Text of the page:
Bidadari housing estate to have first bus interchange underground

To be ready by 2019, it will sit below carpark and garden flanked by flats

An integrated transport, commercial and residential project will form the town centre of Bidadari estate.
An integrated transport, commercial and residential project will form the town centre of Bidadari estate. PHOTO: HDB

The new Bidadari housing estate will be home to Singapore's first underground air-conditioned bus interchange below Housing Board flats.

The new interchange next to Woodleigh MRT station, expected to be ready by 2019, will cater to five bus services.

It will be "tucked away and hidden from the street view", sitting below a carpark and neighbourhood garden flanked by blocks of flats, according to the HDB's plans seen by The Straits Times.

The Housing Board handed out design briefs and sketches to architects and engineers last week as it invited them to draw up architecture and engineering plans for the new housing estate.

The bus interchange is part of an integrated transport, commercial and residential project that will form the estate's town centre. Besides the interchange, the project will also have a foodcourt and 360 flats, split equally into three- and four-room flats.

Sales of these Build-To-Order flats are expected to be launched in August next year, with construction starting in 2016.

They are among 10,000 HDB flats and 1,000 private homes slated to be built on the sprawling former cemetery grounds.

The flats will have green features: Staircases will have LED lights with motion sensors and lifts will be partly powered by batteries charged by the lifts' own movements, like hybrid cars.

Transport researcher Lee Der Horng said the bus interchange will make it very convenient for the HDB residents, most of whom do not own cars.

"With the bus interchange right on their doorstep, there is no reason not to take public transport," said the National University of Singapore professor.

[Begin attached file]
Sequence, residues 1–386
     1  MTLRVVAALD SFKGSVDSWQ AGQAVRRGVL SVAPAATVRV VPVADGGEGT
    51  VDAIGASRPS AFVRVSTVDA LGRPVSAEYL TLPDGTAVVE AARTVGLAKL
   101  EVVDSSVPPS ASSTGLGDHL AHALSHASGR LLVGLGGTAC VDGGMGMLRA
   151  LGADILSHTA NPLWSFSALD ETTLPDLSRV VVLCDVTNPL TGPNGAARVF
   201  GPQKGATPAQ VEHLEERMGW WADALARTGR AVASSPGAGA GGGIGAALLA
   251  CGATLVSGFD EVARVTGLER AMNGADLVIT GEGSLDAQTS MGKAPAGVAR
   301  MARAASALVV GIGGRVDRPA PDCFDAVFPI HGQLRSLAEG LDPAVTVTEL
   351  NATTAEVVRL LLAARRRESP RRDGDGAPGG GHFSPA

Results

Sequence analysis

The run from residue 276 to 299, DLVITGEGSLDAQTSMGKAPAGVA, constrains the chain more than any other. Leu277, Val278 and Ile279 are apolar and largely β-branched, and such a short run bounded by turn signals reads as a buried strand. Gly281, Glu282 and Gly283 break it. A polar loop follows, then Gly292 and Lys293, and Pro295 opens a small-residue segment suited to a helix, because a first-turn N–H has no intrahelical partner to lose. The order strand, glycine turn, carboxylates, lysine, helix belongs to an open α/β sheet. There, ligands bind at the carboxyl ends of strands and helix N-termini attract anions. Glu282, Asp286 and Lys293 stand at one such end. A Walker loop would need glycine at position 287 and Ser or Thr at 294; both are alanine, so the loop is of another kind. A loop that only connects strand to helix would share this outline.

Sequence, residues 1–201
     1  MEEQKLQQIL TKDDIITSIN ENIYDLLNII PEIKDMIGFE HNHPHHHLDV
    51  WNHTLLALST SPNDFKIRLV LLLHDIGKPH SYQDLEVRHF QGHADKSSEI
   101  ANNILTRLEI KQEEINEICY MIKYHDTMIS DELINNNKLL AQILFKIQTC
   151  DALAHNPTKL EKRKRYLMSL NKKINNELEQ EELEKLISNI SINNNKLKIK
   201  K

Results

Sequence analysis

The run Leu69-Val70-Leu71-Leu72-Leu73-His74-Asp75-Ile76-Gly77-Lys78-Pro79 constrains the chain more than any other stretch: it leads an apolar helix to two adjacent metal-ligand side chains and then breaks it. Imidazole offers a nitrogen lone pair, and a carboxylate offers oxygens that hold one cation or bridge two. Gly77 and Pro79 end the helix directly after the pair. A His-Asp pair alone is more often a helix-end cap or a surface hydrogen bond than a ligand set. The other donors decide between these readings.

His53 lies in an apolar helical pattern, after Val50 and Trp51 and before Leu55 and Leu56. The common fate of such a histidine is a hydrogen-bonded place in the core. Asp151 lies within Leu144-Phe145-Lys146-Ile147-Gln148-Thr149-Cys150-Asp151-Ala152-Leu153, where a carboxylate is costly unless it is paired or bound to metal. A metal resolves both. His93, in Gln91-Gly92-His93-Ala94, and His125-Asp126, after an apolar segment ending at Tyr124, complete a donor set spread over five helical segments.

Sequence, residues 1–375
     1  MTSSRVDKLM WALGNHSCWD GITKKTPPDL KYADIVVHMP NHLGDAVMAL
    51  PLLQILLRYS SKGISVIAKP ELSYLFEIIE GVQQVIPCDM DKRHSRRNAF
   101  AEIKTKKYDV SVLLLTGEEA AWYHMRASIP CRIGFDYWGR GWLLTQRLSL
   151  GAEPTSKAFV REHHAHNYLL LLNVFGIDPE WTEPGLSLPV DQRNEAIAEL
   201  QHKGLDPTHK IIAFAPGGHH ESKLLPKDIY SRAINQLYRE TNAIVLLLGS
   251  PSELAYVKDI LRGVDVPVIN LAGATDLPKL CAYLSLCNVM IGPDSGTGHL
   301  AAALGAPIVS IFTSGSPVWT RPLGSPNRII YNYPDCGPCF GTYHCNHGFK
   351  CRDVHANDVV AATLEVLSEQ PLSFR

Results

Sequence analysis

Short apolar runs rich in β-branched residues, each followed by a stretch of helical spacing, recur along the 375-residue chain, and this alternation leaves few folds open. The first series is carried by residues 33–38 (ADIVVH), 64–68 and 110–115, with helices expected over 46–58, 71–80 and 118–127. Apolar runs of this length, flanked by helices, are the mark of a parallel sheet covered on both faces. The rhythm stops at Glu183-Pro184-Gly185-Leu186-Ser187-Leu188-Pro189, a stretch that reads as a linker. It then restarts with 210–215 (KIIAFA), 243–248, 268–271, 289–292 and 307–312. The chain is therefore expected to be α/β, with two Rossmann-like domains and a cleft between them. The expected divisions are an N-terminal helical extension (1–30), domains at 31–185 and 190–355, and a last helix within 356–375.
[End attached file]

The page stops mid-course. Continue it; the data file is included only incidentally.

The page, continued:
But property expert Ku Swee Yong is worried about disamenities such as noise and air pollution. "The construction and maintenance costs for underground facilities are higher, not to mention the electricity bill for air-conditioning," he said.

However, Professor Lee said pollution and noise can be managed with technology and the trade-off for convenience is worth it.

Meanwhile, the Housing Board's plans for Bidadari have drawn support from cyclists for promoting cycling. The HDB wants Bidadari to be designed for commuting on foot and by bicycle, and has asked architects to plan for park connectors, cycling paths and cycling ramps at staircases. It has even set a minimum of one sheltered bicycle parking space to be built for every six flats, the same ratio as that for motorcycles. This is believed to be the first time the HDB has spelt out such a ratio.

The ratio is low, but "it is a very useful step to establish a baseline requirement", said avid cyclist Francis Chu, co-founder of the LoveCyclingSG group.

"Cycling is the ideal mode of transport for short distances within an HDB town and the neighbourhood," said Mr Chu.

"Having enough safe parking lots for bicycles is a good start," he added.

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